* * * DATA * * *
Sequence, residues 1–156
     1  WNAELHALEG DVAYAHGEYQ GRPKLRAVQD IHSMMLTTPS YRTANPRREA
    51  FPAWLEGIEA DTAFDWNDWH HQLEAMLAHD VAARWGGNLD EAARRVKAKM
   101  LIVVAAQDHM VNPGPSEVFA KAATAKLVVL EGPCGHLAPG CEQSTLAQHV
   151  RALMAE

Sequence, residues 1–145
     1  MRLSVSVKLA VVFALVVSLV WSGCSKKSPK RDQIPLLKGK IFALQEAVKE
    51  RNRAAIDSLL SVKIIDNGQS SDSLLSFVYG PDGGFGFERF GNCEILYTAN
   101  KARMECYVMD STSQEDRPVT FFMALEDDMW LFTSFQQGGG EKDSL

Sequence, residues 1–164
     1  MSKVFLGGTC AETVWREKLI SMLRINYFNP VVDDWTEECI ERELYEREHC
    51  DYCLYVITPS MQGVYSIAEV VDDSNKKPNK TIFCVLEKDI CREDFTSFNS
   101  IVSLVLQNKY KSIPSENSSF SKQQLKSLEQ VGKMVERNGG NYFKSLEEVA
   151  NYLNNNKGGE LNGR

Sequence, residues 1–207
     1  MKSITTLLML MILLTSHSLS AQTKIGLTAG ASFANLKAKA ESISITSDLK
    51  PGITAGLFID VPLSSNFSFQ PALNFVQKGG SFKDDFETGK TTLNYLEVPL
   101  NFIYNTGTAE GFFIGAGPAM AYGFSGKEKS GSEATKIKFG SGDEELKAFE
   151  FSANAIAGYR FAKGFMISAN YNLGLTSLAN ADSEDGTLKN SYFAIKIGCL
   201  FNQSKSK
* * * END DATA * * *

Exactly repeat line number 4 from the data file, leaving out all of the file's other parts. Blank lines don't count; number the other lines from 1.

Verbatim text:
   101  LIVVAAQDHM VNPGPSEVFA KAATAKLVVL EGPCGHLAPG CEQSTLAQHV